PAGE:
- Be sure to put any mercury-contaminated shards or rags in a sealed container and dispose of them responsibly.
Microwaves are among the most hazardous appliances to repair. They contain large, high-voltage capacitors capable of delivering a fatal electrical shock, and can also leak harmful levels of radiation if damaged or reassembled improperly.
- If you're unsure about what you're doing, get expert help before you begin.
- Do not touch any internal components or wiring until you have verified that all high-voltage capacitors are discharged.
- Never operate a microwave that looks damaged or imperfectly repaired. Be especially wary of damage to the door, hinges, latches, or seals.
Fixing motor vehicles like cars and trucks can be very rewarding, but also comes with more hazards than a typical smartphone or laptop repair. If you choose to perform a motor vehicle repair, take appropriate precautions.
Never work under a vehicle that is supported only by a jack. The purpose of the jack is to lift the car off the ground, not to hold it in place! An untimely jack failure can easily kill you. Secure your vehicle with jack stands, or use ramps to raise and lower it safely.
Choose secure jacking points. These vary from one vehicle to the next, so proceed with caution—a jack or jack stand placed under an oil pan or a power steering line won't protect you, and will likely damage your vehicle as well. If in doubt, consult your vehicle's service manual, or get help from an expert.
Park the vehicle on firm, level ground before raising it. Jacks, jack stands, and ramps are designed to be used on hard, level surfaces like concrete and asphalt. Never attempt to raise a vehicle that's parked on a slope or an unstable surface like grass, dirt, or gravel.
Secure the wheels and drivetrain. Raising cars and trucks can cause them to roll unexpectedly, even on a level surface. Before jacking up any vehicle, shift into Park (or first gear, if you have a manual transmission). Make sure the engine is off, and set the parking brake. Then, block the wheels opposite the jack with wheel chocks, bricks, or large wooden wedges.
Always disconnect the battery before beginning repairs. Battery type and location varies by vehicle, so consult your vehicle's user manual for exact instructions.
- There is a risk of electric shock if the battery terminals are handled incorrectly or inattentively. Observe the safety guidelines in your user manual, and get help if you aren’t sure what to do.
- Never work on a vehicle with the motor running. Even at idling speed, engine belts and fans can cause serious injury. Cooling fins rotate fast enough that they can be practically invisible at the edges, and can easily catch you off guard. There may also be electrical hazards at the alternator, spark plug wires, and other areas. If you need to start the engine, stay well clear of the engine bay, and make sure all four wheels are firmly on the ground.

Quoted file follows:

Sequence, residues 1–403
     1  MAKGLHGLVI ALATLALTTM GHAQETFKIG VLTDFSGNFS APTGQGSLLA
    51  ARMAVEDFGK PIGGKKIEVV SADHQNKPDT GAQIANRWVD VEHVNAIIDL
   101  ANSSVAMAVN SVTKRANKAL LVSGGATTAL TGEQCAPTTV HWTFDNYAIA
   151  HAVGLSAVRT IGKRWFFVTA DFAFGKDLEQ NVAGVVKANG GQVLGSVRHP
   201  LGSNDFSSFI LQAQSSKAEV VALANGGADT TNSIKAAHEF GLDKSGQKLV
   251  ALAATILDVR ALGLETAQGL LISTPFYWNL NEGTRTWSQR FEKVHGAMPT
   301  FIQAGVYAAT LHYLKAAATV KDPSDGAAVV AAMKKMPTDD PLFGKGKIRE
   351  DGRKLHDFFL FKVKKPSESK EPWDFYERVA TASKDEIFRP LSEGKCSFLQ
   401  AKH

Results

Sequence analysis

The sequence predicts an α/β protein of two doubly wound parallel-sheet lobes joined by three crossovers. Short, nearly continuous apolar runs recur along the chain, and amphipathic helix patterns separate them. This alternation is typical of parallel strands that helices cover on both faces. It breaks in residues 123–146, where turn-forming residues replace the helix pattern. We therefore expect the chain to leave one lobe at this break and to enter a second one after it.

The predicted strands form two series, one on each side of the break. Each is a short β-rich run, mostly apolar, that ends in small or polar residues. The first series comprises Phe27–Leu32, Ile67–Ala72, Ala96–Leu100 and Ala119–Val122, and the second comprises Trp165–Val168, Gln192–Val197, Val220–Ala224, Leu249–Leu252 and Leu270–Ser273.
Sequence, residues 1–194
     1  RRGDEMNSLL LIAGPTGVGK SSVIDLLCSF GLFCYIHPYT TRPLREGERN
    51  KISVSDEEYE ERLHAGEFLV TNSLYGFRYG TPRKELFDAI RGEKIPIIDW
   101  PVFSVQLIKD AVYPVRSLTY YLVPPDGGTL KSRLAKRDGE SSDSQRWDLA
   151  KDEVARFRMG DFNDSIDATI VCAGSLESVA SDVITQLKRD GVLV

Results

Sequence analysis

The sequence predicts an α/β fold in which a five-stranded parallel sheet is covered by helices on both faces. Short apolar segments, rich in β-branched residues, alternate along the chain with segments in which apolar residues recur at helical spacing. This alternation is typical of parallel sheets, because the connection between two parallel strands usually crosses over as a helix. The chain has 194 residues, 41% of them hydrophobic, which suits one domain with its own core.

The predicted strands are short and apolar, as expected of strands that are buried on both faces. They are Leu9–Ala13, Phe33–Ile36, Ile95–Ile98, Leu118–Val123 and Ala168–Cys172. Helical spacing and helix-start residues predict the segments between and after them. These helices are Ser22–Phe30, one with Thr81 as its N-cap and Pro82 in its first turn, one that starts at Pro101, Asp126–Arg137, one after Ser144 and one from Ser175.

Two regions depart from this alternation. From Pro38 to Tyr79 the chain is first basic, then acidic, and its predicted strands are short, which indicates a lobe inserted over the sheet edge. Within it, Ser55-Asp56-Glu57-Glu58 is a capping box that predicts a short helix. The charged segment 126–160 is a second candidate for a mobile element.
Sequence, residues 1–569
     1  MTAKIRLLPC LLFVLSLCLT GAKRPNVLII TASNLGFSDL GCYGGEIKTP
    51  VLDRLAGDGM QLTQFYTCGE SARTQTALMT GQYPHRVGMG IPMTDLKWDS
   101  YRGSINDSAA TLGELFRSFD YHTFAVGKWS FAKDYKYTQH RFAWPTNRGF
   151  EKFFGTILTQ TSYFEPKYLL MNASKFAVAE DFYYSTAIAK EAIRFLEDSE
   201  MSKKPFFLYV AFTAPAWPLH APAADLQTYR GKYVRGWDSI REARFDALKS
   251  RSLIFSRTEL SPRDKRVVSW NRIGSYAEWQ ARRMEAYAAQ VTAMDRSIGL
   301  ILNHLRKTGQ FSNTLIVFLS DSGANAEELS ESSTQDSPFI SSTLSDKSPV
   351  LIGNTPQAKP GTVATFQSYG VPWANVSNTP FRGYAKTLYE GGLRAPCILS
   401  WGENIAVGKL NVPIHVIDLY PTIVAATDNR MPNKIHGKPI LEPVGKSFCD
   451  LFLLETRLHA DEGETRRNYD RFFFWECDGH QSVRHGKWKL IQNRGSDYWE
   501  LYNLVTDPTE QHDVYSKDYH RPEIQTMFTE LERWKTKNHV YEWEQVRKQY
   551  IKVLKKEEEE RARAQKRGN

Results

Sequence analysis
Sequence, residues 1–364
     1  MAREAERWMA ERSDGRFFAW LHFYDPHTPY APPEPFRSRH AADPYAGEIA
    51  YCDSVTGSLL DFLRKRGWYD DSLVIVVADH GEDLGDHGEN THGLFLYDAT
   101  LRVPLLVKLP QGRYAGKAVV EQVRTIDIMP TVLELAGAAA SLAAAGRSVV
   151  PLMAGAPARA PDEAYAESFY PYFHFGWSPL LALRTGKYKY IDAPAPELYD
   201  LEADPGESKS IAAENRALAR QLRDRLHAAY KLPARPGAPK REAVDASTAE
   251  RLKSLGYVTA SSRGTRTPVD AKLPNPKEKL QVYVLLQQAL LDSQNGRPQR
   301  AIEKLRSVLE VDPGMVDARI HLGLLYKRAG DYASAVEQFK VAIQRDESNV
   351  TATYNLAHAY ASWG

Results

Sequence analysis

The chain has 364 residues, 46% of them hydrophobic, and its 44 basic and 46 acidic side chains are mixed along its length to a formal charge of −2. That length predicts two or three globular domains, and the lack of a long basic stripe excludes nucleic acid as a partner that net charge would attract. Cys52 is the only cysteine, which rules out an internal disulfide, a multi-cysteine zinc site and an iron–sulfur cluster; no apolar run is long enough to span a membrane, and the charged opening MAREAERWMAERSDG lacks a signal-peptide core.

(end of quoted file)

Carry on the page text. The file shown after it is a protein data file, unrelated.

Protect your eyes and skin. A pinched finger or a stray splash of brake fluid can leave you seriously, even permanently, injured (and bring your project to a halt, to boot). Wear protective gloves and safety glasses at all times.
Protect your lungs. Automobiles contain an abundance of toxic substances, from brake dust to gasoline fumes. Work in a well-ventilated area, and wear a mask or respirator if appropriate.
Protect your pets. Don't leave automotive fluids—particularly coolant or antifreeze—lying around for your pets to find. Antifreeze commonly contains ethylene glycol, a toxic compound which nevertheless gives off a sweet odor that is appealing to many animals. Keep your coolant or antifreeze containers sealed, and transfer used fluids to a sealed container immediately after draining them from your vehicle.
Use the right tools. Taking shortcuts by trying to “make do” with a less-than-perfect tool can turn even a simple repair into one fraught with hazards, for both you and your vehicle. If you don't have the right tools, get them! Many auto parts stores have tool checkout programs that can help you complete a repair properly, inexpensively, and safely.
Observe local laws, and protect the environment. Used automotive fluids such as motor oil, gear oil, transmission fluid, brake fluid, power steering fluid, and coolant (antifreeze) must be disposed of responsibly—along with any rags, paper towels, or filters that have been contaminated by these substances. Take them to your local household hazardous waste disposal facility in a sealed container. Never pour used automotive fluids down the drain or into the street.
Lithium-ion batteries power nearly all modern mobile devices. While they are not normally dangerous, they do store a large amount of energy—energy which can cause serious injury if released suddenly.
Never puncture a battery. Don't pry at batteries with screwdrivers or other sharp tools. A damaged battery can rapidly heat up, catch fire, and even violently explode.
Don't bend or deform batteries excessively. It's normal for glued-in batteries, like iPhone and iPad batteries, to deform slightly when removed. However, excessive bending could rupture a cell and cause a fire. Use caution and try to keep any deformation to a minimum.
If you notice any battery smoking or swelling to large size, stop working and back away.
Digital camera flashes are powered by capacitors capable of delivering severe electric shock.
Don't be fooled! They may look innocent, but even small cameras contain capacitors that pack a wallop.
- The capacitor stores a charge drawn from the camera's battery. Be sure to remove the battery before you open the camera or attempt to discharge the capacitor.
- After opening a camera, avoid touching any internal components until you have verified that the capacitor is safely discharged.
Before disassembling or servicing any air compressor:
- Unplug the power cord.
- Open the bleed valve on the main tank to release any compressed air. Never work on an air compressor while components are under pressure.
- Never attempt to puncture air tanks with sharp objects or tools.
Proper lubrication is crucial to air compressor functionality and safety. When working on air compressors:
- Do not over lubricate.
- Use the correct oil or lubricant for your model. Avoid low flash point lubricants, which have the potential to ignite during operation and cause a fire or explosion.
A typical PC power supply contains capacitors large enough to deliver a significant electrical shock.
- Never work on a power supply that is plugged in.
- After unplugging the power cord, press and hold the PC's power button for about 5 seconds. In some cases this will help drain capacitors that might otherwise have retained a charge.
- After unplugging the power, wait 10 minutes before disassembling the power supply. Capacitors used in PC power supplies typically lose any remaining charge a short time after being unplugged.
- Nevertheless, assume all large capacitors are charged unless you have confirmed otherwise. Safely ground or discharge all large capacitors before handling internal power supply components.